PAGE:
Supplement C

Waiting Line Models
Operations Management
by
R. Dan Reid & Nada R. Sanders
4th Edition © Wiley 2010




Learning Objectives
 Describe the elements of a waiting line
problem.
 Use waiting line models to estimate system
performance.
 Use waiting line models to make managerial
decisions.
Elements of Waiting Lines
 “Queue” is another name for a waiting line.
 A waiting line system consists of two
components:
 The customer population (people or objects to be
processed)
 The process or service system
 Whenever demand exceeds available
capacity, a waiting line or queue forms
 There is a tradeoff between cost and service
level.
Customer Population
Characteristics
 Finite versus Infinite populations:
 Is the number of potential new customers materially affected by
the number of customers already in queue?
 Balking
 When an arriving customer chooses not to enter a queue because
it’s already too long.
 Reneging
 When a customer already in queue gives up and exits without
being serviced.
 Jockeying
 When a customer switches between alternate queues in an effort
to reduce waiting time.
Service System
 The service system is defined by:
 The number of waiting lines
 The number of servers
 The arrangement of servers
 The arrival and service patterns
 The waiting line priority rules
Number of Lines
 Waiting lines systems can have single
or multiple queues.
 Single queues avoid jockeying behavior
and perceived fairness is usually high.
 Multiple queues are often used when
arriving customers have differing
characteristics (e.g. paying with cash, less
than 10 items, etc.) and can be readily
segmented.
Servers
 Single servers or multiple, parallel servers
providing multiple channels
 Arrangement of servers (phases)
 Multiple phase systems require customers to visit
more than one server
 Example of a multi-phase, multi-server system:
C C C C C
Depart Arrivals
1
2
3 6
5
4
Phase 1 Phase 2
Example Queuing Systems
Arrival & Service Patterns
 Arrival rate:
 The average number of customers arriving per
time period
 Modeled using the Poisson distribution
 Arrival rate usually denoted by lambda (ì)
 Example: ì=50 customers/hour; 1/ì=0.02 hours
between customer arrivals (1.2 minutes between
customers)
Arrival & Service Patterns con’t
 Service rate:
 The average number of customers that can be served
during the period of time
 Service times are usually modeled using the exponential
distribution
 Service rate usually denoted by mu (µ)
 Example: µ=70 customers/hour; 1/µ=0.014 hours per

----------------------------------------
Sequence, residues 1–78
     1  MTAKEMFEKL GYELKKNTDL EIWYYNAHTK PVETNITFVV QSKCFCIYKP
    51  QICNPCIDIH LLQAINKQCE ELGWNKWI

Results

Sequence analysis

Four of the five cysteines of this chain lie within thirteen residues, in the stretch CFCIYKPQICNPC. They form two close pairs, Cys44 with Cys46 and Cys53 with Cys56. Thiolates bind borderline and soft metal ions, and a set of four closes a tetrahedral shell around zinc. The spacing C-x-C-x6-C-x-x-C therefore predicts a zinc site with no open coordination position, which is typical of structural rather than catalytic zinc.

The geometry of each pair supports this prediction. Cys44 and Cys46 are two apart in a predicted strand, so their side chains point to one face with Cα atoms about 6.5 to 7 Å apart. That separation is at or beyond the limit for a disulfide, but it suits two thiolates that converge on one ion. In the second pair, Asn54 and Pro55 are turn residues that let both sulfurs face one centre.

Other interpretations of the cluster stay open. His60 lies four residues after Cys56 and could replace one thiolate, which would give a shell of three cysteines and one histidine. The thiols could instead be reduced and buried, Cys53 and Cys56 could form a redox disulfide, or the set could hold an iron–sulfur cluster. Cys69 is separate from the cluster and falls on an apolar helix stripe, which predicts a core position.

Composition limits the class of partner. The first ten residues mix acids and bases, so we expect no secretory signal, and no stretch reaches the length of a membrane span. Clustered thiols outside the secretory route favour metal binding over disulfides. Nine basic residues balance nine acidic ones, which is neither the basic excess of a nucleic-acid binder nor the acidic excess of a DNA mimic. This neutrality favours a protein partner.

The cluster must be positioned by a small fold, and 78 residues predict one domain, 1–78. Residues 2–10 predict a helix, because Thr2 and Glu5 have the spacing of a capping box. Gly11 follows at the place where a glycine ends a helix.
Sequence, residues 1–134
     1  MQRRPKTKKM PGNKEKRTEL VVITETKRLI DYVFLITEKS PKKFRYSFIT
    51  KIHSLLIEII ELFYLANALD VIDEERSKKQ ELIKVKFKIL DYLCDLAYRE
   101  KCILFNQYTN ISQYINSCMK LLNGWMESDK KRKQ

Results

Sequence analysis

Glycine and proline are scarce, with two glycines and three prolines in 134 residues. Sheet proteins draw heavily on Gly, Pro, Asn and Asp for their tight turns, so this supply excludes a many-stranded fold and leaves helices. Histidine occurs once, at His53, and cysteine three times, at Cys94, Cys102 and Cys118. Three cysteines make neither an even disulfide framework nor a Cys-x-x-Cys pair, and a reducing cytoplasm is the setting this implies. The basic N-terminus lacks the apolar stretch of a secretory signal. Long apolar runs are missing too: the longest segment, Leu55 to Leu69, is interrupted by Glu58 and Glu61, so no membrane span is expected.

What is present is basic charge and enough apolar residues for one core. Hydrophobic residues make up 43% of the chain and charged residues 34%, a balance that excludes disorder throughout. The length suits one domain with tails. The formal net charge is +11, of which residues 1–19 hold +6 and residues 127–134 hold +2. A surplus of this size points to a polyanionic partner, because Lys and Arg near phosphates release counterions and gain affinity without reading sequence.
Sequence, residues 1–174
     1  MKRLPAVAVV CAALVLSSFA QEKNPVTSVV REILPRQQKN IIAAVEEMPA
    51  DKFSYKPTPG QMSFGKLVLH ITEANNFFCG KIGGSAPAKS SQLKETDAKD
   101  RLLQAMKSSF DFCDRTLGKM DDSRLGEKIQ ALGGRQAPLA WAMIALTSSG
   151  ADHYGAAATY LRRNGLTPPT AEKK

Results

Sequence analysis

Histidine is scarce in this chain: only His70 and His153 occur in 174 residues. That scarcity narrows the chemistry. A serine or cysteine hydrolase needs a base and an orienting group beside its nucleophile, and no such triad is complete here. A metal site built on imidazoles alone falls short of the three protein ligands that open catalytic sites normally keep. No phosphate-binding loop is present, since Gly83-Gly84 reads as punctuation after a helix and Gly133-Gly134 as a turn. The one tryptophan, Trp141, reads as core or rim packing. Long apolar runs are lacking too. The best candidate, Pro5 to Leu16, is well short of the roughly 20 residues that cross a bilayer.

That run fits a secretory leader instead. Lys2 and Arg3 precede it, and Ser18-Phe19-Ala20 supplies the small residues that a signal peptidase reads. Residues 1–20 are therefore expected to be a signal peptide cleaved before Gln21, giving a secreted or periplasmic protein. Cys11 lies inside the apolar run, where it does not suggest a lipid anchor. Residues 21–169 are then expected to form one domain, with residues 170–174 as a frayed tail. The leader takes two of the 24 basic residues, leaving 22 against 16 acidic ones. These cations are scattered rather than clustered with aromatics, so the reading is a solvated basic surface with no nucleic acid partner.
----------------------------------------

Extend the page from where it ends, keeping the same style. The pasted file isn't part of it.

customer (0.857 minutes per customer).
 Even if the service rate is larger than the arrival
rate, waiting lines form!
 Reason is the variation in specific customer arrival and
service times.
Waiting Line Priority Rules
 First come, first served
 Best customers first (reward loyalty)
 Highest profit customers first
 Quickest service requirements first
 Largest service requirements first
 Earliest reservation first
 Emergencies first
 Etc.
Waiting Line Performance
Measures
 L
q
= The average number of customers
waiting in queue
 L = The average number of customers in the
system
 W
q
= The average waiting time in queue
 W = The average time in the system
 p = The system utilization rate (% of time
servers are busy)
Single-Server Waiting Line
 Assumptions
 Customers are patient (no balking, reneging, or
jockeying)
 Arrivals follow a Poisson distribution with a mean arrival
rate of ì. This means that the time between successive
customer arrivals follows an exponential distribution with
an average of 1/ ì
 The service rate is described by a Poisson distribution
with a mean service rate of µ. This means that the
service time for one customer follows an exponential
distribution with an average of 1/µ
 The waiting line priority rule is first-come, first-served
 Infinite population

Formulas: Single-Server Case
form. eventually will line long infinitly an
case, not the is this If stability. system for : Note
n utilizatio system average
rate service mean mu
rate arrival mean lambda
ì µ
µ
ì
µ
ì
>
= =
= =
= =
p
Formulas: Single-Server
Case con’t
( )
( )
in time point given a at
system the in customers of y probabilit 1
waiting spent time average
service including system in time average
1
line in customers of number average
system in customers of number average
n p p P
pW W
W
pL L
L
n
n
q
q
= ÷ =
= =
=
÷
=
= =
=
÷
=
ì µ
ì µ
ì
State Univ Computer Lab
 A help desk in the computer lab serves
students on a first-come, first served basis.
On average, 15 students need help every
hour. The help desk can serve an average of
20 students per hour.
 Based on this description, we know:
 µ = 20 students/hour (average service time is 3
minutes)
 ì = 15 students/hour (average time between
student arrivals is 4 minutes)
Average Utilization
% 75 75 . 0
20
15
or p = = =
µ
ì
Average Number of Students
in the System, and in Line
students L 3
15 20
15
=
÷
=
÷
=
ì µ
ì
( ) students pL L
q
25 . 2 3 75 . 0 = = =
Average Time in the System & in
Line
minutes 12
hours 2 . 0
15 20
1 1
or
W =
÷
=
÷
=
ì µ
( )
minutes 9
hours 15 . 0 2 . 0 75 . 0
or
pW W
q
= = =
Probability of n
Students in the Line
( ) ( )
( ) ( )
( ) ( )
( ) ( )
( ) ( ) 079 . 0 75 . 0 75 . 0 1 1
105 . 0 75 . 0 75 . 0 1 1
141 . 0 75 . 0 75 . 0 1 1
188 . 0 75 . 0 75 . 0 1 1
25 . 0 1 75 . 0 1 1
4 4
4
3 3
3
2 2
2
1
1
0
0
= ÷ = ÷ =
= ÷ = ÷ =
= ÷ = ÷ =
= ÷ = ÷ =
= ÷ = ÷ =
p p P
p p P
p p P
p p P
p p P
Single Server: Spreadsheet
Approach
1
2
3
4
5
6
7
8
9
10
11
12
13
14
15
16
17
18
19
20
21
22
A B C
Queuing Analysis: Single Server
Inputs
Time unit hour
Arrival Rate (lambda) 15 customers/hour
Service Rate (mu) 20 customers/hour
Intermediate Calculations
Average time between arrivals 0.066667 hour
Average service time 0.05 hour
Performance Measures
Rho (average server utilization) 0.75
P0 (probability the system is empty) 0.25
L (average numberin the system) 3 customers
Lq (average number waiting in the queue) 2.25 customers
W (average time in the system) 0.2 hour
Wq (average time in the queue) 0.15 hour
Probability of a specific number of customers in the system
Number 2
Probability 0.140625
Key Formulas
B9: =1/B5
B10: =1/B6
B13: =B5/B6
B14: =1-B13
B15: =B5/(B6-B5)
B16: =B13*B15
B17: =1/(B6-B5)
B18: =B13*B17
B22: =(1-B$13)*(B13^B21)

 Use Data Table (tracking
B22) to easily compute the
probability of n customers in
the system.
Single Server: Probability of n
Students in the System
Probability of Number in System
0.0000
0.0500
0.1000
0.1500
0.2000
0.2500
0.3000
0 2 4 6 8
1
0
1
2
1
4
1
6
1
8
2
0
2
2
2
4
2
6
2
8
3
0
Number in System
P
r
o
b
a
b
i
l
i
t
y
Multiple Server Case
 Assumptions
 Same as Single-Server, except here we
have multiple, parallel servers
 Single Line
 When server finishes with customer, first
person in line goes to the idle server
 All servers are identical